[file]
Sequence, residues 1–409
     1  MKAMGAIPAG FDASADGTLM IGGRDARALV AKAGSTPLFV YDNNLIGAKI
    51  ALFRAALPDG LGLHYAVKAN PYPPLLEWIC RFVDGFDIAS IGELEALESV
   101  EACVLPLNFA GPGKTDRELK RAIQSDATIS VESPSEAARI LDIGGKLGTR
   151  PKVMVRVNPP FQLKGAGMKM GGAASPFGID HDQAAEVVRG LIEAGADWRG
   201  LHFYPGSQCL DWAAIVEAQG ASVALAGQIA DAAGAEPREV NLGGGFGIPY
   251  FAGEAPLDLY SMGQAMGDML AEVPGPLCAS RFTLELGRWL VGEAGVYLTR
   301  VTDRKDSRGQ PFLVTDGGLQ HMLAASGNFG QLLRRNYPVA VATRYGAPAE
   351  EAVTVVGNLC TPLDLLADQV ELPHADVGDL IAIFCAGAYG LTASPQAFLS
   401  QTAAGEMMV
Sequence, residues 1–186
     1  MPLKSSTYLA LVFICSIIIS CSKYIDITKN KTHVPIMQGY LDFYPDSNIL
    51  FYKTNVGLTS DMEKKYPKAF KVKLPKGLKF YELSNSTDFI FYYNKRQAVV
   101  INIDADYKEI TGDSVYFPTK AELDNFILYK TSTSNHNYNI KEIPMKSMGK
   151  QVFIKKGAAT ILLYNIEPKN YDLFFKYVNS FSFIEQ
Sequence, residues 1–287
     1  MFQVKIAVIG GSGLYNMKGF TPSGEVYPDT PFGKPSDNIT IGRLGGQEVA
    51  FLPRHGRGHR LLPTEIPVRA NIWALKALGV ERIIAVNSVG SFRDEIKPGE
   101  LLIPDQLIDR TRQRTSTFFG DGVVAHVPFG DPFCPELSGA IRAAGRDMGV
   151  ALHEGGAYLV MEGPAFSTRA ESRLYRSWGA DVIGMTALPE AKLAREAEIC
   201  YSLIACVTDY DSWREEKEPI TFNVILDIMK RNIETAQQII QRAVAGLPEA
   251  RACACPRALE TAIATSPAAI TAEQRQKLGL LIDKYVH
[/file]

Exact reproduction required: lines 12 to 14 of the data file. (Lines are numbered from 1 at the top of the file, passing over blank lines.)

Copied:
     1  MPLKSSTYLA LVFICSIIIS CSKYIDITKN KTHVPIMQGY LDFYPDSNIL
    51  FYKTNVGLTS DMEKKYPKAF KVKLPKGLKF YELSNSTDFI FYYNKRQAVV
   101  INIDADYKEI TGDSVYFPTK AELDNFILYK TSTSNHNYNI KEIPMKSMGK